Security is ­paramount for intellectual ­property law firm Cantor Colburn, say Dave Christensen (left) and Joel Lepage.

Sep 04 2018

Security Assessments Prove Crucial in Fight Against Hackers

From red teaming to gap analysis and more, companies test their own defenses.

In the past two years, the Cantor Colburn law firm has noticed a shift in clients’ expectations when it comes to data security.

There have always been a few companies that submitted cybersecurity questionnaires before engaging the firm, but it’s now standard practice for most prospective clients of the Hartford, Conn.-based patent and intellectual property firm.

“Nearly every request for proposal now comes in with that,” says Dave Christensen, a Cantor Colburn partner. “Companies have become increasingly aware that their outside vendors are potential weak links, so they’re trying to close that gap.”

Security Is a Modern Business Imperative

Intellectual property is at the core of its business, so Cantor Colburn has always invested heavily in cybersecurity. To put more weight behind assurances that its systems are secure, the firm hired an independent third party, CDW, to validate its infrastructure.

“Even if you have information security staff, I don’t think you’d have the breadth of knowledge that you get by engaging a group that does this day to day,” says Joel Lepage, the firm’s IT director. “I can’t stress enough how valuable this was for us.”

Security assessments make sense for all organizations, but especially for small and medium-sized businesses, says Laura DiDio, principal analyst for research firm ITIC. Applications have become increasingly complex, and the growing number of devices on networks creates unprecedented threat levels.

“If you are an SMB, what is the likelihood that you have a security guru who gets trained regularly on new threats?” DiDio asks. “It’s like having a one-armed outfielder, and it’s raining fly balls. It pays to say, ‘We need more eyes on this.’”

Cybersecurity Assessments Take Many Forms

Cantor Colburn underwent a gap ­analysis — extensive interviews to review a company’s security controls — as well as internal, external and wireless penetration tests, in which a white hat hacker attempts to infiltrate the company’s network.

Other types of assessments include red teaming, in which testers attempt to access the network undetected; purple teaming, which pairs assessors with clients during an attack to review logs and discuss defense strategies; application vulnerability testing, which looks for holes in web applications; phishing, which tries to deceive employees via email or phone to gain access to the ­network; and physical social engineering, in which in-person testers try to dupe their way into restricted buildings or areas.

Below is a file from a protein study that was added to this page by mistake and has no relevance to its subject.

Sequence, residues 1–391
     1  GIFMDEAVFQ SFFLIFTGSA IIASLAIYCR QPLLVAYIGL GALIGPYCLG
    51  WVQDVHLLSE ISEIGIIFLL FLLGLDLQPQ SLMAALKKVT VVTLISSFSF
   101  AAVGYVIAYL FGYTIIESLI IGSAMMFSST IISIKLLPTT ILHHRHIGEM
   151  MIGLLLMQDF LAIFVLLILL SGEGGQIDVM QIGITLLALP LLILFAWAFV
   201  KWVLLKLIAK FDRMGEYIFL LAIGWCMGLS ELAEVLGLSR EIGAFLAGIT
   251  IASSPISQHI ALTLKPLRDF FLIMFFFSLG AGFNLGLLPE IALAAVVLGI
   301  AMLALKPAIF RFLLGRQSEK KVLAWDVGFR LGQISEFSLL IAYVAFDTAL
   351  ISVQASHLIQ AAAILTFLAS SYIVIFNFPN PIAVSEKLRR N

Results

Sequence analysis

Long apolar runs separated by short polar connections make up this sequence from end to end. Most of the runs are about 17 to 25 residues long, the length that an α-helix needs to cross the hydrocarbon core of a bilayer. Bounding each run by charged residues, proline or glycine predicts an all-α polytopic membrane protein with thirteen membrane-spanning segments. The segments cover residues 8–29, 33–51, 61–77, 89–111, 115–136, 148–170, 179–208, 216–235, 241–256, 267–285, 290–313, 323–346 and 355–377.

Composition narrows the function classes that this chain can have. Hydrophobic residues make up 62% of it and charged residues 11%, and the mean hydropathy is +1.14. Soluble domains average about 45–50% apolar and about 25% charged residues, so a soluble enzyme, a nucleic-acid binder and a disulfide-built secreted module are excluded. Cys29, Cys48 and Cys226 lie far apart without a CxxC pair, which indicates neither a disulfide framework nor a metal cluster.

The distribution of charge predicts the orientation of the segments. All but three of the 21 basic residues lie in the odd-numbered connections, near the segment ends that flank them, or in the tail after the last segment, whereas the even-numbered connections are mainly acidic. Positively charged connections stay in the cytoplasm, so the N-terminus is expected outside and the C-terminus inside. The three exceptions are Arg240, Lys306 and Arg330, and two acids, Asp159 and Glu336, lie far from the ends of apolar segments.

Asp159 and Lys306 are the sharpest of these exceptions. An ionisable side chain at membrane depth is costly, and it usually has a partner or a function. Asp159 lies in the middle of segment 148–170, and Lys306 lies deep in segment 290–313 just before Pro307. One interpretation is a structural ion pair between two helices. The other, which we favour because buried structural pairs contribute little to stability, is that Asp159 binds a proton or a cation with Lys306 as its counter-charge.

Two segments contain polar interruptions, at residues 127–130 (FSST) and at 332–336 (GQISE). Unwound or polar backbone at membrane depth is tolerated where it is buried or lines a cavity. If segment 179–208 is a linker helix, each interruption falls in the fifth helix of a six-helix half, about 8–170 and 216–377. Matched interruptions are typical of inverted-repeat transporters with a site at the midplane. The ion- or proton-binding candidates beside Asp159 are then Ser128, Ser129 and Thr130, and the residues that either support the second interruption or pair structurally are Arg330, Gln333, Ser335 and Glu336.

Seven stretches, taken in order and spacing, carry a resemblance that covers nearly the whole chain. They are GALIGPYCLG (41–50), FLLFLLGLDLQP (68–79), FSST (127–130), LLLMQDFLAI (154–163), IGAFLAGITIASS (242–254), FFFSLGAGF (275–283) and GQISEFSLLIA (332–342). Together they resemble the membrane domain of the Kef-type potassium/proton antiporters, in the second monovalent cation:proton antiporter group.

Security assessments often uncover issues that companies don’t know to look for, such as unsecured digital signage or printers, explains Mark Lachniet, ­manager of CDW’s information security solutions practice. Other times, Lachniet said, it’s not the ­configuration that’s flawed; it’s the ­system itself.

“Everybody needs to know what their weaknesses are,” Lachniet says. “Having someone look at things who takes an attacker’s viewpoint is the ­preferred way to find them.”

Ian Odette, CDW security consulting engineer, spent one week gathering online information about Cantor Colburn for the external penetration test. Odette then spent the following week at the firm’s headquarters, where he attempted to hack the network from the inside.

“Our goal is to get them as exhaustive a list as possible of serious threats, with recommendations for remedying them,” he explains.

During the internal test, Odette used Microsoft’s Group Policy to gain access to secured resources on the network. Cantor Colburn had already implemented Group Policy according to Microsoft ­standards, but it was a newer exploit that the firm had not yet discovered.

“He showed us how he got in, told us what we can do to fix it, and we were able to address it immediately,” Lepage says. “It was an easy, no-cost solution to tighten our security significantly.”

Security Assessments Are a Year-Long Process